Isolation Thoughts (2)

Morning is a song-feast of blackbirds and sparrows. May this sun last. Hurry up, trees.

I’m trying to remember the single sharp moment I realised things were actually going to be bad. It could only have been two weeks ago, but I can’t. Gone, the way I can’t remember the moment I realised my dad’s accident was life-threatening, back on that summer’s day in 2003.

I’ve always been a worrier – scratching over unhealed scabs. It’s painfully weird to be editing a novel right now in which a pandemic has happened in the characters’ past. Even if Covid-19 is nothing like as deadly. That is one comfort for me. This will prepare us for something worse. Because something worse will come. Maybe this virus will be our saviour.

I am exorbitantly lucky compared to so many other people. I’m writing this from the comfort of my parents’ house near Chichester, with a view of water. Quiet lanes to walk. A cat for company. Lucky. If I hadn’t decided to apply for a Canada visa so late in the year, I wouldn’t have till October this year to activate it. I would probably have already been there, and if there’d been time to get a job before all this, then I would’ve lost it or had to abandon it to come back to the U.K. anyway. My next chapter’s on hold, but I can still run with this one.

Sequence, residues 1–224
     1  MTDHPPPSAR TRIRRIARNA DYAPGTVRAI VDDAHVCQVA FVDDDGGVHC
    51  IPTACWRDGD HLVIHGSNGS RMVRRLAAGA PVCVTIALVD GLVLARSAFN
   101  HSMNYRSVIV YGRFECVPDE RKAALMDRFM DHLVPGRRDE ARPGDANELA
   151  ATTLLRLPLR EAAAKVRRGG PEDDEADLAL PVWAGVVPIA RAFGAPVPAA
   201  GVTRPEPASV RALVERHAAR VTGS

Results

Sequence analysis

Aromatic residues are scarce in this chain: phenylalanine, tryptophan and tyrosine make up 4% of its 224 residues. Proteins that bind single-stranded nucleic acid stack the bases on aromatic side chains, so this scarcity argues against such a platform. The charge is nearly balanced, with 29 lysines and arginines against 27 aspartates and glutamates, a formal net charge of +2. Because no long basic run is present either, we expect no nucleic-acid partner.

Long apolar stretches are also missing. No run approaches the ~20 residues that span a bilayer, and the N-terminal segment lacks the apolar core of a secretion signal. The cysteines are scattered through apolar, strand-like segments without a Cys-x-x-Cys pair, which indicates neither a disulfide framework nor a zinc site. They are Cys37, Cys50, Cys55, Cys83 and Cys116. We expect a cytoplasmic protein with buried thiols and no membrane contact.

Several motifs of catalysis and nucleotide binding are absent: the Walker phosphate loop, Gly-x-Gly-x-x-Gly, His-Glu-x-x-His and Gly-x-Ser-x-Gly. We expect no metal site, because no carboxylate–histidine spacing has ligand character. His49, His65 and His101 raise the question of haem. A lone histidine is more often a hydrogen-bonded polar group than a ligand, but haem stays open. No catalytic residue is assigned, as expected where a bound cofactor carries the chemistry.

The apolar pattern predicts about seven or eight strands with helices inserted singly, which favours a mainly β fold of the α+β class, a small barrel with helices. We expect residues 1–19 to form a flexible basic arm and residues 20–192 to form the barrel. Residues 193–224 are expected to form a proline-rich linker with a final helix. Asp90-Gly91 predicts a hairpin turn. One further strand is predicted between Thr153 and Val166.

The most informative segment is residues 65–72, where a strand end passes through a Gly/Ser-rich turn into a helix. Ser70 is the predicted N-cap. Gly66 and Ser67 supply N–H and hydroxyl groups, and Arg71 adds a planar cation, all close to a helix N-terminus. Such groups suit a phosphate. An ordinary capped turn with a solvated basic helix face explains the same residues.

In the afternoon, the sun still bright, I stood up from my desk and looked out to the water. A single lone woman had walked out to the end of the long pebble jetty.

It was so brief, I could have missed it – the moment she raised her arms and spun herself around.





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